Violent rumblings are being heard in Idlib once again. Home to more than three million people with nowhere to flee, the last province under opposition control in Syria has endured a restless peace, one that is constantly threatened by the whims of the regime of Bashar Al Assad and his Russian sponsors.
And there are signs that they, too, are restless.
Last weekend, rebel fighters reported that violence was escalating along the edges of the demilitarised buffer zone on the borders of Idlib. They said there was an increase in mortar and rocket attacks from forces loyal to Mr Al Assad, threatening the ceasefire negotiated by Russia and Turkey, whose defence ministers met on Tuesday to discuss "urgent" issues related to the deal.
While there are some warning signs, it appears both Moscow and Damascus, as well as rebel fighters in Idlib, are largely adhering to the spirit of the agreement brokered by Turkish President Recep Tayyip Erdogan. At the moment, the conflict in Syria is largely on hold, a brief respite from nearly eight years of bloodshed.
But this is no time for complacency. The fragile status of a rebel-controlled Idlib on the Turkish border, hosting millions of displaced civilians from all over the country, and an Assad regime eager to ride the momentum of its recent triumphs and complete a military victory, are unsustainable. Russia, Iran and Turkey are due to meet again in Astana next week for further rounds of talks on the future of Syria, and Idlib in particular. The breakdown of the ceasefire without a viable peace process in place will spell disaster for the trapped and besieged.
Mr Al Assad’s forces, backed by Russian airpower and Iranian-sponsored militias, have reclaimed much of the war-torn country, forcing the rebels’ surrender in Homs, Aleppo, Daraa and the Damascene suburbs of Eastern Ghouta, after carrying out crippling sieges and atrocities. Those who survived were forcibly exiled or fled to Idlib, amid fears of never being seen again in the regime’s dungeons or being recruited into the military.
The government now controls most of the country, including north-eastern Syria, which is held by Kurdish militias backed by the US. Much of the vast northern border is held by Turkish proxies – Syrian rebels trained and backed by Ankara, who fought campaigns in the north against ISIS and the Kurdish paramilitary forces.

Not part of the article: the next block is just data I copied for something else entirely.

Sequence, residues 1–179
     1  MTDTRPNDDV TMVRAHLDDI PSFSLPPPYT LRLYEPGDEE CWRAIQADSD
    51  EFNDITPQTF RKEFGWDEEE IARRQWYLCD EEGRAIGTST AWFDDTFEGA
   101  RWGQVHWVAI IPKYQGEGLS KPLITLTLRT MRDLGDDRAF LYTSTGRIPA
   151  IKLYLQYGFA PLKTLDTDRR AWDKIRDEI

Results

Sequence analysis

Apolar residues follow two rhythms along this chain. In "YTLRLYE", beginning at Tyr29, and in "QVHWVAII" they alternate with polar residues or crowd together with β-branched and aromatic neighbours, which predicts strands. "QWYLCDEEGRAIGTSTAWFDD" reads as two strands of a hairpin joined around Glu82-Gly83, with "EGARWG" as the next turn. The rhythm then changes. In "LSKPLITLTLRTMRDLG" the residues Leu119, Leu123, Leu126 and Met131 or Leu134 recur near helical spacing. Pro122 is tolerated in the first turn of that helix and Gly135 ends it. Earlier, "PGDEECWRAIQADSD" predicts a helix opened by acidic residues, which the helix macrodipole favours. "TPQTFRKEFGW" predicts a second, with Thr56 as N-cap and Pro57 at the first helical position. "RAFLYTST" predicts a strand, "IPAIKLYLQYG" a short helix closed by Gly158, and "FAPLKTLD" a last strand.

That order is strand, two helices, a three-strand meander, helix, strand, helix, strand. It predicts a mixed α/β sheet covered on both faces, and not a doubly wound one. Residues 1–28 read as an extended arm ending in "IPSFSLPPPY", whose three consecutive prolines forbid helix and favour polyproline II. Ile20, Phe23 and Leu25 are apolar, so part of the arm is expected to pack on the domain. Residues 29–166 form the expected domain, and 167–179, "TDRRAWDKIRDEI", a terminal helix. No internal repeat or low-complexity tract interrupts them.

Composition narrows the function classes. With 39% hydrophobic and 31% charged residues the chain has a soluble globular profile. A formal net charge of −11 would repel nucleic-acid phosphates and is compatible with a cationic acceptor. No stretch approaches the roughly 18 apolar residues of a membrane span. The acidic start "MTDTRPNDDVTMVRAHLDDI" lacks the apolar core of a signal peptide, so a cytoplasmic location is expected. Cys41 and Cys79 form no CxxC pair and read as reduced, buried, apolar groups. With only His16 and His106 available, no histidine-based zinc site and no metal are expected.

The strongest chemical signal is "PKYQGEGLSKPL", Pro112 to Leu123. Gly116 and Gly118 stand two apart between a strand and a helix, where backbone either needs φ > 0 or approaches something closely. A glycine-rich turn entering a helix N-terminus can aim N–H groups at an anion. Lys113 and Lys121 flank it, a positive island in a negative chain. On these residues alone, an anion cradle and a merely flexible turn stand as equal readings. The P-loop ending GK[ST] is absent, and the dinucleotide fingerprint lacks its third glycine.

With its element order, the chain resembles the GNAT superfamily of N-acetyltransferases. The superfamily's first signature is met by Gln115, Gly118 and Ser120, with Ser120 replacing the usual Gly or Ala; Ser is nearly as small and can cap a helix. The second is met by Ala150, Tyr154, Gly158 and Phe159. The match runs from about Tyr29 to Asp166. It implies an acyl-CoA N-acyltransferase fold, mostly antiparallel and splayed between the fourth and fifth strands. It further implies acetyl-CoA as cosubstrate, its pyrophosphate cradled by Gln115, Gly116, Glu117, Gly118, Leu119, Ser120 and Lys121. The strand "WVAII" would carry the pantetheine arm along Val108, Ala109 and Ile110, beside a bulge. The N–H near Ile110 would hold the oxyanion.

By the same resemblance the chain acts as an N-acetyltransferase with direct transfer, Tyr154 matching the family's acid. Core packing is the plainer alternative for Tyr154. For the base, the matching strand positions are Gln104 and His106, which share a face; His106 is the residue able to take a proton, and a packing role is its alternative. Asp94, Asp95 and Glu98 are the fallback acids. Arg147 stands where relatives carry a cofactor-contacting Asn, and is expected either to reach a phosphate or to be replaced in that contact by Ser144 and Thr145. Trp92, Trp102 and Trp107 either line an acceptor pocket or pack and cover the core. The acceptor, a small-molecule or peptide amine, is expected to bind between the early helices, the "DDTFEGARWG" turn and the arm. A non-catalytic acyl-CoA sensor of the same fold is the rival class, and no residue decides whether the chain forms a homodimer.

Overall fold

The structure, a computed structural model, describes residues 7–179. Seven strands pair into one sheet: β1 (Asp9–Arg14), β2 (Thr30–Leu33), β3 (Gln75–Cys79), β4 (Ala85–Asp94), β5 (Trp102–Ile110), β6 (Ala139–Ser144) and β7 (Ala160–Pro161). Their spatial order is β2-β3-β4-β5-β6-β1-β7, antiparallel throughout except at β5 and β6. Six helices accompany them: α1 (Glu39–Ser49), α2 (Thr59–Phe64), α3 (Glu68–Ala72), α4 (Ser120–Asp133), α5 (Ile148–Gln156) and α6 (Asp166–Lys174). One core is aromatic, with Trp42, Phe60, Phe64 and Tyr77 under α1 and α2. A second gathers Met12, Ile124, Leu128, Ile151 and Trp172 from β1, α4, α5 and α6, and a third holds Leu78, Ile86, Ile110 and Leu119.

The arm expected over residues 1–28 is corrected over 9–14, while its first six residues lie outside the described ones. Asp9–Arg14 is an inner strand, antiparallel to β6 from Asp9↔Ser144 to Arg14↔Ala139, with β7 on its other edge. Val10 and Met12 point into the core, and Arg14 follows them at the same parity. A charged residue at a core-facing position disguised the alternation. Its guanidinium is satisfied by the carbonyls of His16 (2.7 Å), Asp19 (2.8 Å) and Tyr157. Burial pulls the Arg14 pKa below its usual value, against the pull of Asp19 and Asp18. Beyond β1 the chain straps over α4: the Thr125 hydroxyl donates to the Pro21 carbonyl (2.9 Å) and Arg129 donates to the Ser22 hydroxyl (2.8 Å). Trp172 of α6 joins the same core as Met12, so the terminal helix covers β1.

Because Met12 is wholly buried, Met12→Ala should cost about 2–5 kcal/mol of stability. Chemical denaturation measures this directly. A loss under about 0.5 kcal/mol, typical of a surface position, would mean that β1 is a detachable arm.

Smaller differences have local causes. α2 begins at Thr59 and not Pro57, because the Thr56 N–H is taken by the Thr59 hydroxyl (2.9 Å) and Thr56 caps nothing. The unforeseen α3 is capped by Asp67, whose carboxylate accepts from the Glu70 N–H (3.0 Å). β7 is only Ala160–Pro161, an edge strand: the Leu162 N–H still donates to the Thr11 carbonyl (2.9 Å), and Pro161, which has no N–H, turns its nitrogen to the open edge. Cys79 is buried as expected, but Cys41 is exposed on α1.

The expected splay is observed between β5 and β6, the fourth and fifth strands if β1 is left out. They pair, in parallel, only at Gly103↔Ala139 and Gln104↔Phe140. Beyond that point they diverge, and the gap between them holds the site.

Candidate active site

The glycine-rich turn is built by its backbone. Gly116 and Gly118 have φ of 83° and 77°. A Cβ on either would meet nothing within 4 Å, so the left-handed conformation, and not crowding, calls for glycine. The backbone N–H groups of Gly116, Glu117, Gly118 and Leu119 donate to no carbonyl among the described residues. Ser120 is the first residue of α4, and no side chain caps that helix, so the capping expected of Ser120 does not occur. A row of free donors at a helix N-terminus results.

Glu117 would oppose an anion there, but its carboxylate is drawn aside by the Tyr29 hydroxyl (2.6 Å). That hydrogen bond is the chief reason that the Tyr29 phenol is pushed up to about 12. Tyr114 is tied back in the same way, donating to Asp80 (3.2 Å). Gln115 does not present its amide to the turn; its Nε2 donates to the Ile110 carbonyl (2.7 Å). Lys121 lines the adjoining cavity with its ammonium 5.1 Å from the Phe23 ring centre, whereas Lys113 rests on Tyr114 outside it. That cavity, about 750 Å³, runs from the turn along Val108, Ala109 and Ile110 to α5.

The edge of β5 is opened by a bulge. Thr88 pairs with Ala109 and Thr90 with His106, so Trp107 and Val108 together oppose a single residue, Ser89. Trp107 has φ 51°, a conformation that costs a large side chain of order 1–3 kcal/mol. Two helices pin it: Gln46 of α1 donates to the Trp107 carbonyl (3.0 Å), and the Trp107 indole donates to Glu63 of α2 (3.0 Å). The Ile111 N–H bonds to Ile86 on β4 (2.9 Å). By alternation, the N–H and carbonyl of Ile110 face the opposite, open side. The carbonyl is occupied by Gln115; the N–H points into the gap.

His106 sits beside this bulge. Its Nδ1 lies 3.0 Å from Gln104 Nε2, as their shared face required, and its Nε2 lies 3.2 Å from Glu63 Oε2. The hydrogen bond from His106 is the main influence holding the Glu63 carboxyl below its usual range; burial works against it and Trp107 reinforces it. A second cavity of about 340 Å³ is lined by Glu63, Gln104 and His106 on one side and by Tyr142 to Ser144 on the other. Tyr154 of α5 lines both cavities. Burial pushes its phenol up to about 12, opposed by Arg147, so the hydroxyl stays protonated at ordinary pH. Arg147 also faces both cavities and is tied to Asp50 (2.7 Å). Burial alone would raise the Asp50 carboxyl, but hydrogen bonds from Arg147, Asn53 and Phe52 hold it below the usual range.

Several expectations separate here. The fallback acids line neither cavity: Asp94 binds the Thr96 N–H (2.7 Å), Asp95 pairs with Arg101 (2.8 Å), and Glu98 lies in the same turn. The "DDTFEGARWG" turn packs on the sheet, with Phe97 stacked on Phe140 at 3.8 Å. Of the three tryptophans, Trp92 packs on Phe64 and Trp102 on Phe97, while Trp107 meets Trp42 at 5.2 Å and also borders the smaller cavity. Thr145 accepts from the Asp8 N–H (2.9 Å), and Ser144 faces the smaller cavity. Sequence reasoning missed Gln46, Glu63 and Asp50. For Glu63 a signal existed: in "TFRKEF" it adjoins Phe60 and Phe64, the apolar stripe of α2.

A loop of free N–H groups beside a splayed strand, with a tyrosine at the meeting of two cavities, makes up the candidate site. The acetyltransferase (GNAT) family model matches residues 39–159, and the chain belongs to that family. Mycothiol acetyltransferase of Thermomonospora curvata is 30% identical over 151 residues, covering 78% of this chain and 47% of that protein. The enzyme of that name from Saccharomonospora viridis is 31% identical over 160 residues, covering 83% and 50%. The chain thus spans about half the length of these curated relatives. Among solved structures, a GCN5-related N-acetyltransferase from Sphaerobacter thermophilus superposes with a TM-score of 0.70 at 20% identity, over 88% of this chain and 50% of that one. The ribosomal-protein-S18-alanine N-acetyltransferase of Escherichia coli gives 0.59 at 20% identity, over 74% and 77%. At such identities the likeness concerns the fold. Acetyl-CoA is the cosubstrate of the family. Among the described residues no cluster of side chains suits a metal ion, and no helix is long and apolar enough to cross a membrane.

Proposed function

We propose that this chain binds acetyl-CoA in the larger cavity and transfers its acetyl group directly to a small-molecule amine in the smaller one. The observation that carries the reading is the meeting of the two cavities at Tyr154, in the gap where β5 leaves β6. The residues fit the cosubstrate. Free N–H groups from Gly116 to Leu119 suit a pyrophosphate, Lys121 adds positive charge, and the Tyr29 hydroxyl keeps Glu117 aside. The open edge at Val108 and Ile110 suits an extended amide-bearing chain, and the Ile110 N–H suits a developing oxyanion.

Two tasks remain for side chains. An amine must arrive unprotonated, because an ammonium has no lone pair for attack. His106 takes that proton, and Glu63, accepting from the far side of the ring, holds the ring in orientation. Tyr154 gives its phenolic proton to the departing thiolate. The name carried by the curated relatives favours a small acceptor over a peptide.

The September deal brokered by Mr Erdogan followed reports of an imminent campaign to reclaim Idlib, a prospect that would have sent tens of thousands of refugees fleeing into Turkey, where public opinion is now strongly in support of sending them back to Syria. But Moscow also seemed loath to pursue a military offensive that was likely to cause thousands of civilian casualties and dwarf the humanitarian catastrophes seen in Aleppo and Eastern Ghouta.
Turkey is supposed to rein in Hayat Tahrir Al Sham, the jihadist group formerly affiliated with the Al Qaeda terror network and one of the most powerful military factions in Idlib. It appears to have limited ability to do so and Russia has continued to warn of its malign influence, a potential casus belli, or cause for war. The civilians who have continued to protest against both Mr Al Assad and Hayat Tahrir Al Sham have no say in the matter, their fates of little consequence to the manoeuvring of regional and world powers.
Idlib is a confluence of the international interests that have torn apart Syria. The current status is unsustainable but the alternative is so bloody that one recoils from even imagining it – a slaughter greater than the worst crimes of Mr Al Assad’s regime, which include chemical weapons, starvation sieges, systematic bombing of hospitals and crude targeting of civilian infrastructure and rescue workers.
Western powers must make it clear that Idlib is a red line that, if not resolved peacefully, will preclude any reconstruction aid to help rebuild the country. Reconstruction funds are the only leverage western countries have after ceding much of the battleground, particularly with Russia eager to avoid a hefty bill for rebuilding the country it helped destroy.
Once a solid agreement is in place, rebel groups can take the initiative to oust Hayat Tahrir Al Sham from its strongholds in the province. The jihadists already face opposition from civilians, who regularly protest their excesses and anxious to stop their meddling in public life.
Turkish-backed rebels have also established a ground corridor into Idlib from the Kurdish-majority city of Afrin, which they invaded earlier this year. The campaign, undertaken after Turkish instigation, was concluded much more swiftly than analysts expected. The Ankara-backed group consists of about 20,000 trained fighters, now veterans of bitterly fought campaigns, who can take on Hayat Tahrir Al Sham, much like rebel groups helped oust ISIS earlier this year from Idlib and most of Aleppo.
Such a campaign would eliminate Moscow’s rationale for wanting to reclaim Idlib militarily. The unified rebel force that would control Idlib would mostly be a Turkish proxy but would represent the combined military power of the opposition in future peace negotiations, and perhaps play a role in peacekeeping in the province once a deal is reached.
For now, though, immediate disaster must be averted and the peace must hold in Idlib, or thousands more will die in Syria.